JAMES K. ALLEN, Plaintiff/Appellant, v. JIM WISEMAN, Defendant/Appellee.

Appeal No. 01-A-01-9710-CV-00565.Court of Appeals of Tennessee. at Nashville.
July 15, 1998.

[EDITOR’S NOTE: This case is unpublished as indicated by the issuing court.]





This is a legal malpractice action arising out of a criminal case. The plaintiff was convicted of assault and criminal trespass and he charges his attorney with multiple failures before, during, and after the trial, the most serious being the failure to retain a court reporter to preserve the evidence introduced in the criminal case. The Circuit Court of Rutherford County granted summary judgment to the defendant. We affirm.

James K. Allen retained Jim Wiseman, an attorney in Murfreesboro, to defend an indictment for criminal trespass and assault. Mr. Wiseman had previously represented Mr. Allen in his divorce from Cathy Allen, the prosecuting witness in the criminal trespass charge. The assault charge was brought by Eddie Sandlin, who allegedly had an affair with Cathy Allen during her marriage to James Allen.

At the criminal trial, Mr. Wiseman did not employ a court reporter to record the proceeding. The jury found Mr. Allen guilty on both counts. He received a sentence of eleven months and twenty-nine days in jail with all but five days suspended, and he had to pay approximately $4,000 in fines and restitution. He appealed his conviction pro se, and the opinion of the Court of Criminal Appeals points out that he did not file a statement of the evidence even though he was given the chance to do so under Tenn. R. App. Proc. 24(c). Thus, the court had no choice but to affirm the conviction.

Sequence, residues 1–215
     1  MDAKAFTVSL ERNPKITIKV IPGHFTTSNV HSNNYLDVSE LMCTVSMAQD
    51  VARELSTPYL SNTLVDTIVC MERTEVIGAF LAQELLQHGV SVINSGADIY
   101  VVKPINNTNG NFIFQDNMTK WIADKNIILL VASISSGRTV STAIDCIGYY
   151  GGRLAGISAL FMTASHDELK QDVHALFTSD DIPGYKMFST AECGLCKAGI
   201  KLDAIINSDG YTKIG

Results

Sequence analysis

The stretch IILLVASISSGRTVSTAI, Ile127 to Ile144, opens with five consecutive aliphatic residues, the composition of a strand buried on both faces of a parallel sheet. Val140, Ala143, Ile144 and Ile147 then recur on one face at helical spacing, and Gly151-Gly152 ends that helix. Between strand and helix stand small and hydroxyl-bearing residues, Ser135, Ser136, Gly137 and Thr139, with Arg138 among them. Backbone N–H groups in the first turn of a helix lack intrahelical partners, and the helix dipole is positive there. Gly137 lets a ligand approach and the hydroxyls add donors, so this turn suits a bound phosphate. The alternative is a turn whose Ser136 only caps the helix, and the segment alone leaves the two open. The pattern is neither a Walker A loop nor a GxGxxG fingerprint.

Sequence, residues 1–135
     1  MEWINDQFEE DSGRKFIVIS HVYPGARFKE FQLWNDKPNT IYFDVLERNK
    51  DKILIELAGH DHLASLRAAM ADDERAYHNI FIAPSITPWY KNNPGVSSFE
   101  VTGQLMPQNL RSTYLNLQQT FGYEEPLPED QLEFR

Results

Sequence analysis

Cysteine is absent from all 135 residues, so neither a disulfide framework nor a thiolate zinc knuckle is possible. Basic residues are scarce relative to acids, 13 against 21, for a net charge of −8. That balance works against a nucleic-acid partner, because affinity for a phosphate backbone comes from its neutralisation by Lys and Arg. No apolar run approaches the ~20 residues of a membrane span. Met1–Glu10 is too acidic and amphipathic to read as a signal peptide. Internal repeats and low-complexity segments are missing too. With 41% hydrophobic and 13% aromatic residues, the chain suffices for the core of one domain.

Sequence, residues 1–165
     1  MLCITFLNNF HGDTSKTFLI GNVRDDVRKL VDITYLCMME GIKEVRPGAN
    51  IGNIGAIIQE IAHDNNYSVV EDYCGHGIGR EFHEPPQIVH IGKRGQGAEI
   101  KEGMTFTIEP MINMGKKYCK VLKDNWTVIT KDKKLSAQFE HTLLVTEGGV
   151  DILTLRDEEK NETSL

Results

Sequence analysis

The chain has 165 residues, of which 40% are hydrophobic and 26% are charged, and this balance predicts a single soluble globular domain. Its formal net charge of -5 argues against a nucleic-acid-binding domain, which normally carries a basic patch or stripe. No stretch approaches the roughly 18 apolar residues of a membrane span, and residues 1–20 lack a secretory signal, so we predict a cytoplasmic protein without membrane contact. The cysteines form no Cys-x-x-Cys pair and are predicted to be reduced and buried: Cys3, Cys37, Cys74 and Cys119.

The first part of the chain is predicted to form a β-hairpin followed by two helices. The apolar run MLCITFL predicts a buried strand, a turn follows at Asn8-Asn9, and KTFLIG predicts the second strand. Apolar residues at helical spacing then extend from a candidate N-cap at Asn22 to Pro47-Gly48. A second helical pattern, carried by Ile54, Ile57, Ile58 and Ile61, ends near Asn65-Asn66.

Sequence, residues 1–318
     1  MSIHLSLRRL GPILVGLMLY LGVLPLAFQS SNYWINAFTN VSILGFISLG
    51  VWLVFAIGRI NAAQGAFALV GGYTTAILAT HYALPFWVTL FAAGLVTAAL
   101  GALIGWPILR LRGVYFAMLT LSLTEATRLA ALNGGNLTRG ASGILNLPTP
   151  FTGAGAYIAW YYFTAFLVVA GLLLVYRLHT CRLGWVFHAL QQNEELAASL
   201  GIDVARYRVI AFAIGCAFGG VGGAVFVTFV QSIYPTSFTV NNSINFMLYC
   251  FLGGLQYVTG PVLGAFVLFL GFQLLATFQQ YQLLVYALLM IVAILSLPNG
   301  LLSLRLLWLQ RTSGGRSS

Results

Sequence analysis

Mr. Allen sued Mr. Wiseman, alleging that he failed to:

(A) Adequately investigate both the scene of the crime and facts of the crime before trial day.
(B) Question everyone involved with the case before the trial day
(C) Obtain the medical and employment records of the plaintiff in this trial to fully evaluate his claims of injury and loss of work
(D) Issue timely subpoenas to insure key defense individuals for his client would be on hand for this trial
(E) Employ a court reporter for this trial, even though he repeatedly told his client this was a serious offense and could result in fines up to $2,500.00 and a sentence of up to 11 months and 29 days in jail.
(F) To adequately set up a defense plan for the plaintiff, or spend adequate time discussing his court plans with the defendant

Mr. Wiseman denied the material allegations of wrongdoing and moved for summary judgment. He supported his motion with his own affidavit, in which he detailed the work he did in the criminal case. He concluded by averring that he acted with reasonable skill and diligence and in accordance with the recognized standards of acceptable professional practice.